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Will Silicon Save Quantum Computing?

Silicon has become a leading contender in the hunt for a practical, scalable quantum bit

19 min read
Will Silicon Save Quantum Computing?
Illustration: Bryan Christie Design

Grand engineering challenges often require an epic level of patience. That’s certainly true for quantum computing. For a good 20 years now, we’ve known that quantum computers could, in principle, be staggeringly powerful, taking just a few minutes to work out problems that would take an ordinary computer longer than the age of the universe to solve. But the effort to build such machines has barely crossed the starting line. In fact, we’re still trying to identify the best materials for the job.

Today, the leading contenders are all quite exotic: There are superconducting circuits printed from materials such as aluminum and cooled to one-hundredth of a degree above absolute zero, floating ions that are made to hover above chips and are interrogated with lasers, and atoms such as nitrogen trapped in diamond matrices.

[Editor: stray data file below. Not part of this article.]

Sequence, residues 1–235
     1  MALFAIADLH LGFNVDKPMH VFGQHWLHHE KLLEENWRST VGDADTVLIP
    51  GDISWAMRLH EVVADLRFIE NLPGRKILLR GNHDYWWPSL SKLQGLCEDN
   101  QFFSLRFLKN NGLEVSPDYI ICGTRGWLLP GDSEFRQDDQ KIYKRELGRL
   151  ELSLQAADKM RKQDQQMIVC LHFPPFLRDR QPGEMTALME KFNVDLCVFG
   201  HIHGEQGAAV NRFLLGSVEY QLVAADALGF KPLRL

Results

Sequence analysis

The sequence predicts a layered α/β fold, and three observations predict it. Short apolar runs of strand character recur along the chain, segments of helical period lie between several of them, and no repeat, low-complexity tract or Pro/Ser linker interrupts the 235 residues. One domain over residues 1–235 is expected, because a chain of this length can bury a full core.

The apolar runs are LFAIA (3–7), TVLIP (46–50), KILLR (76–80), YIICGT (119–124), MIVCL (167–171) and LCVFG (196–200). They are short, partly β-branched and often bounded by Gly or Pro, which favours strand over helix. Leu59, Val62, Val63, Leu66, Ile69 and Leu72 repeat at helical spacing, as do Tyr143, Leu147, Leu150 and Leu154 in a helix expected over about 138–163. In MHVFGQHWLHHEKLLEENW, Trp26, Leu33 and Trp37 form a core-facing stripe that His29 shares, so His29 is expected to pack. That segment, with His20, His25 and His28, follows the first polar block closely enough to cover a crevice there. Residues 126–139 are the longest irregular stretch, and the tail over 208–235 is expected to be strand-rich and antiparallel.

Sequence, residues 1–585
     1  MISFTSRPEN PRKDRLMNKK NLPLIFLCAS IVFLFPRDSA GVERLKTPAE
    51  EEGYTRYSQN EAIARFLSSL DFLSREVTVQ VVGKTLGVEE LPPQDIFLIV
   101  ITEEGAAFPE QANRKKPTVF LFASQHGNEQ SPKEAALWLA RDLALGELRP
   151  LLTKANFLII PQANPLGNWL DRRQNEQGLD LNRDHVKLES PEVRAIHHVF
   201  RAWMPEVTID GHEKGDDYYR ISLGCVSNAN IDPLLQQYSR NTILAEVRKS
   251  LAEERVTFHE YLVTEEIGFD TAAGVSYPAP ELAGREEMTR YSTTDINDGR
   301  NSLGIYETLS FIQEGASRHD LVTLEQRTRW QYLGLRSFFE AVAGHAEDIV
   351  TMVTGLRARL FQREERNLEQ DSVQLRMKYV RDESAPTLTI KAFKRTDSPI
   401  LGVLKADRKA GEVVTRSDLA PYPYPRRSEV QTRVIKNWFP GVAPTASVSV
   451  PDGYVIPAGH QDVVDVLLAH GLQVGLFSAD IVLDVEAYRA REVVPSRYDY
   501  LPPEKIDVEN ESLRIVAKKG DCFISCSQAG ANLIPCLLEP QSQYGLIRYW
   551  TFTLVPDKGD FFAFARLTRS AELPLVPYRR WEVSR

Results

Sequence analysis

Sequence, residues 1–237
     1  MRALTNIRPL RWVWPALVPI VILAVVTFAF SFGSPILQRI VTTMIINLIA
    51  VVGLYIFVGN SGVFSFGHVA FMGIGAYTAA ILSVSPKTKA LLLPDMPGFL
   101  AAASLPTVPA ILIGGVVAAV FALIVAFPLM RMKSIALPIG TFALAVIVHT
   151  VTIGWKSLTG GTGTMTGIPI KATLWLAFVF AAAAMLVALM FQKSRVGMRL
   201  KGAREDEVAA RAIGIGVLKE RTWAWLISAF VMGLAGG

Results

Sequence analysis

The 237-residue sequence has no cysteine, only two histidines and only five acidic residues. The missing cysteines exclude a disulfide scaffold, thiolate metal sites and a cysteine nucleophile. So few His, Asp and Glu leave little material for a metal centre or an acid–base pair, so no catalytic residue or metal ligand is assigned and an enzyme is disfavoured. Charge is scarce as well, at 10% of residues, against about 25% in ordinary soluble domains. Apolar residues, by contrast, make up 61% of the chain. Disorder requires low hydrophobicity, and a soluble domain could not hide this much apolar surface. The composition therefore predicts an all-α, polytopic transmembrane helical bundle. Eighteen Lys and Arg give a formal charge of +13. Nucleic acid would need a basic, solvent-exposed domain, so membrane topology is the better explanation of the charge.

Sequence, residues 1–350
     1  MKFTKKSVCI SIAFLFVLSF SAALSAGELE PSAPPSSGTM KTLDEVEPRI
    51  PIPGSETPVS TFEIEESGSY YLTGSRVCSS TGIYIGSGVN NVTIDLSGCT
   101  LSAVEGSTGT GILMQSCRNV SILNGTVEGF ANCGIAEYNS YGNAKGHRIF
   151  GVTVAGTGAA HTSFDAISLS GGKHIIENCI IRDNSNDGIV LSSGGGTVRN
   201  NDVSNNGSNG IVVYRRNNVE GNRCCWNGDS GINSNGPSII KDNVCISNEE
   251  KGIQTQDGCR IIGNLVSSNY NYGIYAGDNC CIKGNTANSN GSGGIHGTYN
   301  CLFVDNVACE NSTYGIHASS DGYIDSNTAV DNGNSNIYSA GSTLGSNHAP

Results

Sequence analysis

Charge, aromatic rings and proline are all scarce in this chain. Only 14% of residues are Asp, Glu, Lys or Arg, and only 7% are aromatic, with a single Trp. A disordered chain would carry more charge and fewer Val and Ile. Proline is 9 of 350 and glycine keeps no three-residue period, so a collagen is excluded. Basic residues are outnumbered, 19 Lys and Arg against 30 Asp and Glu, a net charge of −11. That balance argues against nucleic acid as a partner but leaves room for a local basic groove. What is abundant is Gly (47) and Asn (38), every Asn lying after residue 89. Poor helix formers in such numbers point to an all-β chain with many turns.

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Paying Tribute to Computer Science Pioneer Frederick Brooks, Jr.

He helped develop the IBM System/360 and its operating system

3 min read
portrait of an elderly man in a a red tie and blazer with a bookcase in the background
University of North Carolina

Frederick P. Brooks Jr., a prolific computer scientist and longtime professor of computer science, died on 17 November at the age of 91.

While working as a project manager at IBM in the 1960s, the IEEE Life Fellow led the development of the System/360 computer family. It was the first vertically compatible family of mainframe computers. Brooks also developed IBM’s OS/360, the world’s largest software project at the time. He is credited with coining the term computer architecture, which is used to describe how hardware and software are organized to make up a computer system and the operations which guide its function. He wrote The Mythical Man-Month, a book of essays published in 1975 that detailed lessons he learned from challenges he faced while developing the OS/360.

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How to Stake Electronic Components Using Adhesives

Staking provides extra mechanical support for various electronic parts

2 min read
Adhesive staking of DIP component on a circuit board using Master Bond EP17HTDA-1.

The main use for adhesive staking is to provide extra mechanical support for electronic components and other parts that may be damaged due to vibration, shock, or handling.

Master Bond

This is a sponsored article brought to you by Master Bond.

Sensitive electronic components and other parts that may be damaged due to vibration, shock, or handling can often benefit from adhesive staking. Staking provides additional mechanical reinforcement to these delicate pieces.

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